As a founder member of Mystery Women in 1997, promoting Crime Fiction has always been my passion.
Following the closure of Mystery Women, a new group was formed on 30th January 2012 promoting crime fiction.
New reviews are posted daily, but to search for earlier reviews please click on the Mystery People link below and select 'reviews' from the welcome page. This will display an alphabetic option for you to find the review you would like to read
For PREVIOUS REVIEWS- Click on MYSTERY PEOPLE below -
Piatkus, 20 April 2017. ISBN: 978-0-349-41465-2 (HB)
Perhaps the first thing to say about this tense debut psychological
thriller is expect the unexpected.
It opens with a bang: a young
mother relives the horror of the morning a masked gunman invaded her home and
forced her to choose which of her ten-year-old twins he should murder. Trauma
enough to knock anyone's brain for six, and Madeleine Castle plumbs the depths
of post-traumatic shock for most of the first-person narrative.
Understandably, nothing she
remembers, about either that horrific day or any other part of her life, feels
quite real – and she rapidly begins to carry the reader along on her wave of
memory, imagination and dread. Was it somehow her fault? Did she favour one
twin over the other, and choose to sacrifice the one she loved less? And what
is the significance of the rose bushes, the packed suitcase, the diary... all
the shards of memory which are scattered around her mind, refusing to coalesce
into a complete picture?
Samantha King displays an
enviable knack for drawing the reader into the emotional life of her narrating
protagonist; I found myself tensing up as Madeleine was about to step into
danger (which she does more than once), and willing her to make the right
decision and run as fast as possible in the other direction.
Another of King's talents is
to build backstory. Here it's vitally important – a large part of the whole
story, in fact – but it's also a skill which could stand her in good stead in
future books. Her characters, too, leap off the page: Dom, Madeleine's
charming, larger-than-life husband; Max, his feckless brother; Annabel and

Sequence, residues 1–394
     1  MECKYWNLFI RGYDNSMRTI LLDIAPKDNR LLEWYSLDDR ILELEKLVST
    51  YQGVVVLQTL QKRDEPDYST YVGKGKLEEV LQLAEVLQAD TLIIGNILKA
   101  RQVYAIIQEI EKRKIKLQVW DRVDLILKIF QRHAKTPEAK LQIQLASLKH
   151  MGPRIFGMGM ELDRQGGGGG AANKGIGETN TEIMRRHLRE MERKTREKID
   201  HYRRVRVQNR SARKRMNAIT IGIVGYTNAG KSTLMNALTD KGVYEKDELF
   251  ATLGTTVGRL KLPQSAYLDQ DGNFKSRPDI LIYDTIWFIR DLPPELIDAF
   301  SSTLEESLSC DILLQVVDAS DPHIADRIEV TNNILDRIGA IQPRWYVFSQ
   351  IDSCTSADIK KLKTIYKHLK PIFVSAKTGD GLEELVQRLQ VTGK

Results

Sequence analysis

Aidan, the twins with hugely different personalities; Lucy, Maddie's outgoing
and perceptive friend; Professor Hernandez, the doctor who helps her piece it
all together. Even minor players such as Carol the motherly nurse, Mr Cooper
the infirm but observant neighbour and Michelle the compassionate cop come
across loud and clear.
If I say I spotted the
villain pretty well on his first appearance, that says more about my
crime-fiction-honed suspicious mind than King's ability to build narrative
tension; but even though I was pretty sure of the outcome, I never for a moment
wanted to stop reading. I desperately wanted Maddie to sort out the chaos in
her brain and work out not only what really happened that fateful morning, but
also why, and why she didn't see it coming.
This is a promising debut
from a new author with plenty of skill and potential. The Choice can't
be anything but a standalone, but I look forward to seeing what Samantha King
Reviewer: Lynne Patrick
Samantha Kingis a former editor and also a qualified
psychotherapist. After her childhood in the south-west of England, teenage
years spent in the north-east and student days somewhere in between, she
finally settled in west London where she enjoyed a career publishing other
people's books, before going freelance and surrendering to a long-time urge to
write her own. She lives with her husband and two young children, who inspired
her to write The Choice, her debut
novel. An English graduate and lifelong bookworm, Samantha is always fascinated
to hear readers' opinions. You can share yours with her at: Facebook:
@SamanthaKingBooks Twitter: @SamKingBooks
Lynne Patrick has been a writer ever since she could pick up a pen,
and has enjoyed success with short stories, reviews and feature journalism, but
never, alas, with a novel. She crossed to the dark side to become a publisher
for a few years, and is proud to have launched several careers which are now
burgeoning. She lives on the edge of rural Derbyshire in a house groaning with
books, about half of them crime fiction.